with just a ball and practice shooting or dribbling or whatever.
So, how much did that style of football help you perfect your skills?
It helped me loads. When I was on my own it was perfect. It was enclosed so I could smash the ball about and use the walls without the ball running away from me. I practiced passing and shooting on my own and yes, I think it helped me get better and better.
Do you think those days affected the sort of player you became?
It helped me. I got used to having the ball at my feet and having to try and keep it at my feet. When you play that style of enclosed small-sided stuff you feel the benefits when you go out and play on grass in bigger games because your control has improved and you benefit from having more space.
So how else does small-sided football benefit your game?
Small-sided games see you get the ball in much tighter situations and you need to be able to get yourself out of them. You are used to getting the ball and immediately being under pressure. Therefore, you learn how best to cope with that pressure. When the pitch opens up in 11-a-side games you seem to have all the space in the world. It definitely helped me, that’s for sure.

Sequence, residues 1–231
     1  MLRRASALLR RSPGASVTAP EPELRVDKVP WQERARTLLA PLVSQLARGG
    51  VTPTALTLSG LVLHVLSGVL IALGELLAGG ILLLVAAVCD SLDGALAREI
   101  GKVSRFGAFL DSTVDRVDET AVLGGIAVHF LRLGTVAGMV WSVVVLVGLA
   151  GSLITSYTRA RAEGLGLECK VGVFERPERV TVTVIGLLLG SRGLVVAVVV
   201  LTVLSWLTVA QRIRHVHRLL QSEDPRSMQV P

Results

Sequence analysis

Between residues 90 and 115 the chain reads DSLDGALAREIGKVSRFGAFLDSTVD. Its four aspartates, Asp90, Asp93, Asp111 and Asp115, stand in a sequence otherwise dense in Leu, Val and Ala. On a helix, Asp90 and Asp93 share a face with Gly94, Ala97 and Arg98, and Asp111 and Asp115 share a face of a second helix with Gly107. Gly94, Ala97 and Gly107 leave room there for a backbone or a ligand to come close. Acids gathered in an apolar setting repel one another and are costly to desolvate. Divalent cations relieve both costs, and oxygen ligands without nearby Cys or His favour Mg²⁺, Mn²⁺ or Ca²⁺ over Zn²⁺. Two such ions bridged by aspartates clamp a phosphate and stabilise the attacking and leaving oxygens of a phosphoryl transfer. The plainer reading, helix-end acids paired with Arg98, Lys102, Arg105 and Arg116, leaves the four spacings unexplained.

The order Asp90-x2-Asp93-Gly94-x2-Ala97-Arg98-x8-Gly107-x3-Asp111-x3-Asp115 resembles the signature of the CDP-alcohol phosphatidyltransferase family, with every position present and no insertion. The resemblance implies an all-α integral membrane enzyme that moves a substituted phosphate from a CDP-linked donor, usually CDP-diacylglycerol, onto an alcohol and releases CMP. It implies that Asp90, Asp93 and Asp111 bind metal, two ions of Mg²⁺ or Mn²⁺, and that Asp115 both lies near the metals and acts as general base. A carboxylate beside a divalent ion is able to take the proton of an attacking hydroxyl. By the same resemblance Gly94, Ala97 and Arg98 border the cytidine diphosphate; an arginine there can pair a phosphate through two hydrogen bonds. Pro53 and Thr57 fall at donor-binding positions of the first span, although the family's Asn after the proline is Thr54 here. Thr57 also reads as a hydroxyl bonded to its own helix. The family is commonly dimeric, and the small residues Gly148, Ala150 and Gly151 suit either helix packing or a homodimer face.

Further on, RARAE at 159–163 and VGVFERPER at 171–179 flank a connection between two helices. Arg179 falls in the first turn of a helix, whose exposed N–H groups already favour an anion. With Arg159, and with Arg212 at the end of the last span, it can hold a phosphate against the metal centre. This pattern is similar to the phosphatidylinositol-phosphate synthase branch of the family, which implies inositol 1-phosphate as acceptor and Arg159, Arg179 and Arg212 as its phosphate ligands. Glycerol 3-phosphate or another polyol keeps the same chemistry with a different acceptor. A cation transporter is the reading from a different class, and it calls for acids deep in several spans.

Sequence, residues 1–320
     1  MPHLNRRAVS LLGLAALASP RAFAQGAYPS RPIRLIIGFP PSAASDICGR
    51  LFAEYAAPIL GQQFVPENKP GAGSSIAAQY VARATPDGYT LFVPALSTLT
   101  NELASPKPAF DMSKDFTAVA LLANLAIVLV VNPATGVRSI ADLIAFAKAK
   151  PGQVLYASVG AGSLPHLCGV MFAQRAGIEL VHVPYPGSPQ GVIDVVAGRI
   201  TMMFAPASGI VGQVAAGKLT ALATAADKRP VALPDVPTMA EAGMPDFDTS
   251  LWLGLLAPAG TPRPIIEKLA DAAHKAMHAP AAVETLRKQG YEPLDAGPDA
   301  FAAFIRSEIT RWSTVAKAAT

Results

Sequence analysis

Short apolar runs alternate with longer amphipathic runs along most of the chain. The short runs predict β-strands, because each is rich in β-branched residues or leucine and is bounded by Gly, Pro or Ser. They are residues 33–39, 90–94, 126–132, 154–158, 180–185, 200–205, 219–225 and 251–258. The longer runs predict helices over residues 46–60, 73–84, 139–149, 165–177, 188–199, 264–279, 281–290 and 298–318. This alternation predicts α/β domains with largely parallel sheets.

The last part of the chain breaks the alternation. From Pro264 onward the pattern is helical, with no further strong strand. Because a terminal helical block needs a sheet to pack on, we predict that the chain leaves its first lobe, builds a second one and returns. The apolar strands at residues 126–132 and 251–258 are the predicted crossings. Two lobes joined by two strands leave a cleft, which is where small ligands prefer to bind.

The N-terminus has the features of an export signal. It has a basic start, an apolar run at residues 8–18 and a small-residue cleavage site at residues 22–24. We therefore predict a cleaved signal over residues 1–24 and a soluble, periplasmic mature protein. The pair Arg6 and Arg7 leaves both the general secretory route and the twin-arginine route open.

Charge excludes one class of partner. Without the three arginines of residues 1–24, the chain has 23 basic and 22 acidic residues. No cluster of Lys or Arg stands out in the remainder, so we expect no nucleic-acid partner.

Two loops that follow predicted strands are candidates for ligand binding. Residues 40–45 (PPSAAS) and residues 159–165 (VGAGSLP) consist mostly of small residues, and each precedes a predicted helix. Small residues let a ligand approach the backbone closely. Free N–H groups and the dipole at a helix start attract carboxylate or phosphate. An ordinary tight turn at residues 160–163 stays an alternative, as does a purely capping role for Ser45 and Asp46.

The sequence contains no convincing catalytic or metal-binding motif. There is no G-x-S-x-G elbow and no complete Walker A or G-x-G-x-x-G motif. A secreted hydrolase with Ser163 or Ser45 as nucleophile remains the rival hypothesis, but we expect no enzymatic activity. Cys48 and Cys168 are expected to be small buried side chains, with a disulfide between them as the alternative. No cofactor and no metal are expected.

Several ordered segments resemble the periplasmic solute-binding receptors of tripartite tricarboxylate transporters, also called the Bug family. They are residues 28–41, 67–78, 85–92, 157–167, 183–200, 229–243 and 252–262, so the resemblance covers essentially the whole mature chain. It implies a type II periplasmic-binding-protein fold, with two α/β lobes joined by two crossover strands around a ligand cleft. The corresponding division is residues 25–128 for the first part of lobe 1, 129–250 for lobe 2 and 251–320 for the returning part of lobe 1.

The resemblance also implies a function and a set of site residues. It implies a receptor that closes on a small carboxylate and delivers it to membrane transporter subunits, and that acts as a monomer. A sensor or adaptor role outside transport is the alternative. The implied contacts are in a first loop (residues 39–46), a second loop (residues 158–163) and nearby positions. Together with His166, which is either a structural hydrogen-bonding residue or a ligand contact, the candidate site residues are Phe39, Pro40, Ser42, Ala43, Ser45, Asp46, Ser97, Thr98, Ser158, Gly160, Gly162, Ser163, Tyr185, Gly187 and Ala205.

What specific skills can young people learn from small-sided games?
It’s great to master the game on concrete or astro-turf and if you can learn to control the ball and do tricks in small-sided games then once you come to a nice grass pitch you’ll find it easy. Playing in these small games and just working hard on skills, tricks, moves, will help massively in the long run. Everything I learnt came from those small matches. The tactical side of things comes later but 95 per cent of my game is from those days playing as a kid.
When you scored your famous goal for Everton against Arsenal in 2002 you were only a teenager and went home and had a kick-about with your mates. Do